Explainer: How will the new European Super League work? | European Super League


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On Sunday evening, 12 European football clubs announced the creation of a new competition, the Super League, following much criticism from governments, their own national leagues, football federations as well as UEFA and supporters around the world.

It would be the biggest upheaval in the history of European football although UEFA said it would fight what it called “a cynical project based on the self-interest of a few clubs”. Here we take a look at what the 12 clubs have to offer.

Who are the 12 “founding members”?

Milan, Arsenal, Atlético Madrid, Chelsea, Barcelone, Inter, Juventus, Liverpool, Manchester City, Manchester United, Real Madrid et Tottenham.

What about the big German and French clubs?

They said they are currently not interested in joining the project. These clubs include Bayern Munich, Champions League winners last season, and Paris Saint-Germain, the defeated finalists who will face Manchester City in one of the Champions League semi-finals.

Will the 12 clubs leave their national leagues?

For now, they hope to continue playing in those competitions, but the leagues have all issued strong statements condemning the clubs and the new breakaway league.

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How much money is involved?

A lot, as you can imagine. The statement from the 12 clubs said: “The founding clubs will receive an amount of 3.5 billion euros just to support their infrastructure investment plans and to offset the impact of the Covid pandemic.” He added: “The new annual tournament will offer significantly greater economic growth and support for European football… and [solidarity payments] are expected to exceed € 10 billion during the clubs’ initial commitment period. “

How would that work?

There would be 20 participating clubs, with 15 founding clubs and a qualifying mechanism allowing five more teams to qualify each year based on the achievements of the previous season.

When would the matches be played?

There would be midweek meetings with all participating clubs hoping to compete in their respective national leagues. There would be two groups of 10, playing at home and away, with the top three from each group automatically qualifying for the quarter-finals. The teams finishing fourth and fifth would then face each other in a two-man play-off for the remaining quarter-finals. A two-round knockout format would be used to reach the final at the end of May, which would take place in a single match at a neutral venue.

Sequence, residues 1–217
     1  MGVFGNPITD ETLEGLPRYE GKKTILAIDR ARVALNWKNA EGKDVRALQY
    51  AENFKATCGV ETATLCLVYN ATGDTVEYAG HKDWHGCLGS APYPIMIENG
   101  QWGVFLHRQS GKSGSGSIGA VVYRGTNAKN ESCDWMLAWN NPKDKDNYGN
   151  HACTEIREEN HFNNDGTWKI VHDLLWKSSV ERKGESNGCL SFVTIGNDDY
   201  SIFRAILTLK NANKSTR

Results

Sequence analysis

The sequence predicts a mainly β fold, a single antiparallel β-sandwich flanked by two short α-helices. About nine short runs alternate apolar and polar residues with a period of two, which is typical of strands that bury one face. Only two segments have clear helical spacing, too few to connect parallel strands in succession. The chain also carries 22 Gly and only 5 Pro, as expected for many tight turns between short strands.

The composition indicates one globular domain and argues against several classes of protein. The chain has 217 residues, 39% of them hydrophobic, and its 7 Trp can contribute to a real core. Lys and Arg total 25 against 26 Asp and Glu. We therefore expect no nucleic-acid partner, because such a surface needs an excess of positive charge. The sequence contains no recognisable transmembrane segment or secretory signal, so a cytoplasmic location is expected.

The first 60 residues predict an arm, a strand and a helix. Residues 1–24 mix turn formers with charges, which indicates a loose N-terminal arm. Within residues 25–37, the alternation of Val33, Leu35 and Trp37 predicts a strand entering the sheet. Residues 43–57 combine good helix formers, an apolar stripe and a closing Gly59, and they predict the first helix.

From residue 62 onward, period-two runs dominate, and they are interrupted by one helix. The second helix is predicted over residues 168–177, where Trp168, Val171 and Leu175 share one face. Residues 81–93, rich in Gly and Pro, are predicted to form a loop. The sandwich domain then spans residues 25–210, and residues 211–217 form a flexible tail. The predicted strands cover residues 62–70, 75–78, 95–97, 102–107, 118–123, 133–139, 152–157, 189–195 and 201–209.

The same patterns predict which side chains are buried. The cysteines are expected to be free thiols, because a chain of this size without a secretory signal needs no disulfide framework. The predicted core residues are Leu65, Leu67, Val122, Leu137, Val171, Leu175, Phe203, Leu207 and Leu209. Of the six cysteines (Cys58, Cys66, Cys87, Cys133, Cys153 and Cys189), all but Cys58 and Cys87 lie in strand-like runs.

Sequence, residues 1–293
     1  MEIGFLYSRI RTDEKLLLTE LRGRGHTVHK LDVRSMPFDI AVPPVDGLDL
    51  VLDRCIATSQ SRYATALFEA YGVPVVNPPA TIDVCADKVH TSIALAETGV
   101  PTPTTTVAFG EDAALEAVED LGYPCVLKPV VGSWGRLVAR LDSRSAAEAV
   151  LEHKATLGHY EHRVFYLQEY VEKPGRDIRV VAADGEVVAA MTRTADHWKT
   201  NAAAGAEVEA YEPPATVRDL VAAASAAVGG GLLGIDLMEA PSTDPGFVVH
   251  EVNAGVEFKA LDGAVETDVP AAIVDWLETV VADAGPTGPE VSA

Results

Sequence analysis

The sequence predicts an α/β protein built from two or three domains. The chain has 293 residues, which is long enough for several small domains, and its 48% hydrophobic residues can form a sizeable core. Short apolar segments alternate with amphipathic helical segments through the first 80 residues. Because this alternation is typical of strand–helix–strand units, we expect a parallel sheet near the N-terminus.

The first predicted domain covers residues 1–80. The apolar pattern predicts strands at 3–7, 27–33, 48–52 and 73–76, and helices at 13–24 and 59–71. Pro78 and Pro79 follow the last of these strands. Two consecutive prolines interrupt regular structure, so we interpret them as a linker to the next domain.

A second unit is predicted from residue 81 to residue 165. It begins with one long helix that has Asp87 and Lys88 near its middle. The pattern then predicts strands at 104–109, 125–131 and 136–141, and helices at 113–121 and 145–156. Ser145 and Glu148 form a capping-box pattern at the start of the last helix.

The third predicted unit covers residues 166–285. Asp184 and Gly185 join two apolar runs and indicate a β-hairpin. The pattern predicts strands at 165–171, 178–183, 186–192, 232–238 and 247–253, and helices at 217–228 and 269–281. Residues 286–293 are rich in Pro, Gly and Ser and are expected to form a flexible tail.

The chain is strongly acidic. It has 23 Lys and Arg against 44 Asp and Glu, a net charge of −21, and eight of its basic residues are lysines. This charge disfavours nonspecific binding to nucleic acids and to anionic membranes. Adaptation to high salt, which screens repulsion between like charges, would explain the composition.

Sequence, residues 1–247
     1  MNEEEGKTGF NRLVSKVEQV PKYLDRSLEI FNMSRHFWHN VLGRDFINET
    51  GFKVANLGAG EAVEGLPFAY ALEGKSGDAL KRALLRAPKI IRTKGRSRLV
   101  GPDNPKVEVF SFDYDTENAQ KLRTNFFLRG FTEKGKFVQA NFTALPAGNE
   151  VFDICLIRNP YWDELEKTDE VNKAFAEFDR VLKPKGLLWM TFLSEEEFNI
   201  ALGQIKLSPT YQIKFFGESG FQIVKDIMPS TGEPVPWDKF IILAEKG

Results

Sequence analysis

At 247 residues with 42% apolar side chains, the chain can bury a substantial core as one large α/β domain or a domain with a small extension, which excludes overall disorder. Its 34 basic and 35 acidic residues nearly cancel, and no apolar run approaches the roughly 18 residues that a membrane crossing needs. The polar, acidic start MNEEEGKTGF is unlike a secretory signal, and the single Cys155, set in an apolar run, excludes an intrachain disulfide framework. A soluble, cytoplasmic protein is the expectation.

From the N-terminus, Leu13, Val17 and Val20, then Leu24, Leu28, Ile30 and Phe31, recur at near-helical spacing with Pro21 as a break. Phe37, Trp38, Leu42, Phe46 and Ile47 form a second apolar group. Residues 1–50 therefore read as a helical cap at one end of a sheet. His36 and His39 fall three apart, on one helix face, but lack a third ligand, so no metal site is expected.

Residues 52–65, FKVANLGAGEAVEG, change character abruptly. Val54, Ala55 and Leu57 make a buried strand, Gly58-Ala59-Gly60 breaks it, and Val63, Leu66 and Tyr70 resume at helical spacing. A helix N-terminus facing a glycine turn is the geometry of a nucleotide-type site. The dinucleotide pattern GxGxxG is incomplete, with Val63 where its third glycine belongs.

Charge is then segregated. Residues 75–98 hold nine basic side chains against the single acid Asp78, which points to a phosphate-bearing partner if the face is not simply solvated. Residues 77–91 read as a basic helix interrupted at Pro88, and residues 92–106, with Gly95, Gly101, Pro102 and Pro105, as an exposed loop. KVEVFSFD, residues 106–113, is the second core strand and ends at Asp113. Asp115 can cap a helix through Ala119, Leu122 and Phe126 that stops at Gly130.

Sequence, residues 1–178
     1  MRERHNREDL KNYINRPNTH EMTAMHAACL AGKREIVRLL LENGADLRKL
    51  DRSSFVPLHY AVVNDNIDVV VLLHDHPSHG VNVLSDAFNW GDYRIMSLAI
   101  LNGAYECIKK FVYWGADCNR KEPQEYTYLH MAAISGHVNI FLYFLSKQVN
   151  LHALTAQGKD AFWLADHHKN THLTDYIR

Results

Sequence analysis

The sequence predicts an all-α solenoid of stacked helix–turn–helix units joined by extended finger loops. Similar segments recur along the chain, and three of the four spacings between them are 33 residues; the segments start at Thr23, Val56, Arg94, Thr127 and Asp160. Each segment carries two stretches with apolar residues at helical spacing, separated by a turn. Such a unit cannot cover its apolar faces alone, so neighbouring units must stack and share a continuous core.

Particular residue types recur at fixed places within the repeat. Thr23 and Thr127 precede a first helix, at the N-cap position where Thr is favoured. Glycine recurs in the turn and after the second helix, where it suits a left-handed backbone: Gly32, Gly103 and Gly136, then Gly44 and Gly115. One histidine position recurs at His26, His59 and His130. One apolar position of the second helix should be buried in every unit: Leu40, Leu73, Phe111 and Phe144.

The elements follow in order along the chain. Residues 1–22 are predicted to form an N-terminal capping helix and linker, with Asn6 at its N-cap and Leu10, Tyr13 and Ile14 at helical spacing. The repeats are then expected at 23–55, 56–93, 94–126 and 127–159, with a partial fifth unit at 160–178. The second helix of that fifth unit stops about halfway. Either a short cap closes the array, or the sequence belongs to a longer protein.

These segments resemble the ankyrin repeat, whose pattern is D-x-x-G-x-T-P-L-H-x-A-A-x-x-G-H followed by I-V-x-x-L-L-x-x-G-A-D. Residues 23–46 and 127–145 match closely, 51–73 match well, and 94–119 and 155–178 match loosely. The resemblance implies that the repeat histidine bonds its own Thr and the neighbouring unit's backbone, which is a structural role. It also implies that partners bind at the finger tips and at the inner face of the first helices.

When should it start?

The clubs said in their statement that they are looking to start the competition in August.

What about women’s football?

The clubs said: “As soon as possible after the start of the men’s competition, a corresponding women’s league will also be launched, helping to advance and develop women’s football. “

Florentino Pérez, president of Real Madrid, will be the first president of the Super League.
Florentino Pérez, president of Real Madrid, will be the first president of the European Super League. Photographie: Quality Sport Images / Getty Images

What did the organizers ask for?

Florentino Pérez, president of Real Madrid and first president of the Super League, said: “We will help football at all levels and bring it to its rightful place in the world. Football is the only global sport in the world with over four billion fans and our responsibility as great clubs is to fulfill their wishes. Perez’s vice-presidents will be Joel Glazer of Manchester United and Andrea Agnelli of Juventus. Glazer said: “By bringing together the world’s greatest clubs and players to compete against each other throughout the season, the Super League will open a new chapter for European football, ensuring world-class competition and facilities. , and increased financial support for the wider football pyramid. . “

What was the reaction?

There was widespread disgust at the idea with Gary Neville, the former Manchester United defender summing up most people’s feelings when he said: “I’m the most disgusted about Manchester United and Liverpool. Are they breaking with a competition from which they cannot be relegated? It is an absolute disgrace. This is pure greed, they are impostors. The owners of Man United, Liverpool, Chelsea and Man City have nothing to do with football in this country. It’s an absolute joke. Now is the time to have independent regulators to prevent these clubs from having the power base. Enough is enough. “

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